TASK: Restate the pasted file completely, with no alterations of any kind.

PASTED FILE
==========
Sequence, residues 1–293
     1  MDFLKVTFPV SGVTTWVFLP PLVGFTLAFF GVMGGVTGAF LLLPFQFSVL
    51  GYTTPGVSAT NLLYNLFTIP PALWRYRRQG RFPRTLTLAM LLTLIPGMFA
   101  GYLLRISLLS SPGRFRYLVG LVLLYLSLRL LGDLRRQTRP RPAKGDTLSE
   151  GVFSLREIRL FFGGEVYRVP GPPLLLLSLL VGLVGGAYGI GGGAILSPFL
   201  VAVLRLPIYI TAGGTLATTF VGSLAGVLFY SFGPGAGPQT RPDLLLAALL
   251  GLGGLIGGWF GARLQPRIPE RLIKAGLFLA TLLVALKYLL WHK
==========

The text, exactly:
Sequence, residues 1–293
     1  MDFLKVTFPV SGVTTWVFLP PLVGFTLAFF GVMGGVTGAF LLLPFQFSVL
    51  GYTTPGVSAT NLLYNLFTIP PALWRYRRQG RFPRTLTLAM LLTLIPGMFA
   101  GYLLRISLLS SPGRFRYLVG LVLLYLSLRL LGDLRRQTRP RPAKGDTLSE
   151  GVFSLREIRL FFGGEVYRVP GPPLLLLSLL VGLVGGAYGI GGGAILSPFL
   201  VAVLRLPIYI TAGGTLATTF VGSLAGVLFY SFGPGAGPQT RPDLLLAALL
   251  GLGGLIGGWF GARLQPRIPE RLIKAGLFLA TLLVALKYLL WHK